The second “aha” moment came about more recently when discussing our product development pipeline with our executive team. The realization is that we don’t need the top influencing institution in the world to dictate using our products for us to be successful. We just need a large percentage of our target customers to believe in them and routinely buy them.

Customer loyalty creates market share in our field more strongly than in others. This is how the dominant player has been around for decades, and it’s how we will replace them.

Any rituals that help you stay healthy and productive?

In the morning, I meditate and read the Bible. It helps to keep me centered, energized, prepared, and ready for the day.

I have three young children, so I also make sure that I am fully present when helping them do their homework in the afternoons. I’ve found that engaging in activities that are not directly associated with work helps break up the monotony and allow me to focus my energy on me, my environment, and remember why I am doing this every day.

What challenges do underserved entrepreneurs need to overcome?

Underserved entrepreneurs have a tough set of hurdles to overcome! Some of those hurdles are associated more with incorrect perceptions about who we are and what motivates us. Others are coming from a place of fear and ignorance because having underserved entrepreneurs in STEM or “deep tech” is uncommon.

Some of those challenges include proving that we are equally as intellectually apt as our counterparts. Others include overcoming the skepticism that we are unfit to be in leadership roles because of what is presumed to be our background.

This translates to concrete measures of impact on our ability to secure working capital to support our growing company’s needs and access to resources necessary to conduct proof of concept studies.

The one thing that has helped me is partnering with other like-minded individuals who are willing to work across barriers of demographics to get a common goal accomplished. Leveraging the resources from economic development agencies within our region has also been a substantial help.

Lastly, having real, honest conversations with people who have overcome these obstacles helped us gain perspective. We have a difficult path, but it is different from the path of those before us.

Discrimination against underserved communities is not new, yet we can point to so many inventors and entrepreneurs in our communities who helped to shape the world and improve the lives of millions of people. This is noteworthy and encouraging.

Describe your venture capital experience with the Elevate Capital team.

It is very important that we choose the right investors. Our space is very different from that of traditional tech and even medical tech. We are not manufacturing therapeutics, and we are not making widgets.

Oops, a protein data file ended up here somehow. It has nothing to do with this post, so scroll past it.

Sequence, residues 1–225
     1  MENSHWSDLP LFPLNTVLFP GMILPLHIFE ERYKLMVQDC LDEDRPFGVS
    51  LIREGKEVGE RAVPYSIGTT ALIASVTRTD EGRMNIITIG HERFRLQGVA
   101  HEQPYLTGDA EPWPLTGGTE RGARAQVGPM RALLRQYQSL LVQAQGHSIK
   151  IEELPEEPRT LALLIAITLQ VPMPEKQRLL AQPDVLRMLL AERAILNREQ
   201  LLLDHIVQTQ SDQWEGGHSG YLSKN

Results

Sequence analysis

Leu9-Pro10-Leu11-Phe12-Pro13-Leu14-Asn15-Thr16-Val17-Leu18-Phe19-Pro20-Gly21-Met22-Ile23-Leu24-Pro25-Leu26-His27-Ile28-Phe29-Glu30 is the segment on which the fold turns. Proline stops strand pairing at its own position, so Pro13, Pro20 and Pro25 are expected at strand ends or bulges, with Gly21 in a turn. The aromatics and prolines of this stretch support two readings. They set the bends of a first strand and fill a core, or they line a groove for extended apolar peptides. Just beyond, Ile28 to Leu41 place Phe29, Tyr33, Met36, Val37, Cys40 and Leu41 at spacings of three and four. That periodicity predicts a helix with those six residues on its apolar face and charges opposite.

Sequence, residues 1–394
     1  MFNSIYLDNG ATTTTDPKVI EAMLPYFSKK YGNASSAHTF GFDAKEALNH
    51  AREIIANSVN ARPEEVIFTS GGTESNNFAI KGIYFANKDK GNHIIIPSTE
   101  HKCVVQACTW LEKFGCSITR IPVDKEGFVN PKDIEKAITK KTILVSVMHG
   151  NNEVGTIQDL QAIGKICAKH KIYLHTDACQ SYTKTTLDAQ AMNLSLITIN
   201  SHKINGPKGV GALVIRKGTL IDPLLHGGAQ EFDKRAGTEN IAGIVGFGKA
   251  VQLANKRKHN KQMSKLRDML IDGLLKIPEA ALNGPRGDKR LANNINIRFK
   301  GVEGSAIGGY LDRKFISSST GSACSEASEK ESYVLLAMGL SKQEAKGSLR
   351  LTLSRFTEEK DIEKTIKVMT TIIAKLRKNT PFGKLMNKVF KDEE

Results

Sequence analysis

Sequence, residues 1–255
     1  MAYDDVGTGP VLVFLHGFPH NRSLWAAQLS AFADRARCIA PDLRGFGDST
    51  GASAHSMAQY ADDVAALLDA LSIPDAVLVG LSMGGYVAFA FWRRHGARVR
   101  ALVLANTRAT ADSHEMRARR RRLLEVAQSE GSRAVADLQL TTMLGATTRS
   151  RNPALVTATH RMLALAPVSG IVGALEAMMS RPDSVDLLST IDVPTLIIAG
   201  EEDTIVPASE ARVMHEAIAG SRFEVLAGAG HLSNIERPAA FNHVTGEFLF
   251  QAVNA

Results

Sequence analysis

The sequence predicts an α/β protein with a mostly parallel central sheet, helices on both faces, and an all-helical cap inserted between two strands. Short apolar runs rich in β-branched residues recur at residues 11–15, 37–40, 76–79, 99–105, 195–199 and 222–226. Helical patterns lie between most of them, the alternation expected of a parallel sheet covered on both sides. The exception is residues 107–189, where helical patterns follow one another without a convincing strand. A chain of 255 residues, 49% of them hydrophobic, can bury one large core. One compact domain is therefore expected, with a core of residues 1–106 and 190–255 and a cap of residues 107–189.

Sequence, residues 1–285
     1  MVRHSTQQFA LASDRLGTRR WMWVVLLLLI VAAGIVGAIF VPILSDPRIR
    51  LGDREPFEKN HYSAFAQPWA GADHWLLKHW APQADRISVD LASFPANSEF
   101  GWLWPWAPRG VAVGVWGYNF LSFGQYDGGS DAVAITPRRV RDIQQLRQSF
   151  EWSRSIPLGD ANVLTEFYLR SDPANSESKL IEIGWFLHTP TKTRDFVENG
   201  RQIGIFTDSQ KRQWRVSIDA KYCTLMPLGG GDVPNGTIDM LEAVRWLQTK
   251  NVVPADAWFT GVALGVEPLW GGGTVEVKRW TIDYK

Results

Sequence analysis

The Elevate Capital team immediately understood the challenge that we have as a Life Sciences company operating outside of Boston, San Francisco, or any of the other major hubs that are saturated within our sector.

Elevate Capital brings a level of sophistication that enables an understanding of where the opportunities are for us to grow. Even more, they continue to understand some of the challenges that I face as a Black woman who is a CEO, Founder, and President of a Biotechnology company.

How important is a strong venture capital mentorship experience, and how does it impact a startup’s success?

The mentorship experience is important, and the mentorship match is also crucial to startup success.

Quite often, there are assumptions made about underserved founders, that all of us need to start from the basics of covering the business model canvas. And that all of us need a startup accelerator with small amounts of cash to say that we’re investment-ready. That is not true for all founders and certainly not true for all founders in underserved communities.

Recognizing what level of readiness and what type of mentorship is critical. Elevate Capital was able to identify that and get to the core of our needs. I truly value that, because I don’t like to waste my time or anyone else’s time going over the same concepts!

How has networking helped your business?

Networking is at the core of the business. Being able to form new relationships and expand on existing relationships is a skill that helps the founders and helps to identify opportunities of exploration for our business, like any other business.

We have been able to identify some key resources to help us strategize around intellectual property, marketing, and sales from networking. This has contributed to our growth to this stage.

If you were in an elevator with another aspiring entrepreneur, what lasting advice would you give them?

I would advise any aspiring entrepreneur to remain encouraged and don’t forget why you decided to take this path. The reward is not given to the swift nor the strong but to the person who endures.

Follow Trivia Frazier on LinkedIn

Photos provided by Trivia Frazier.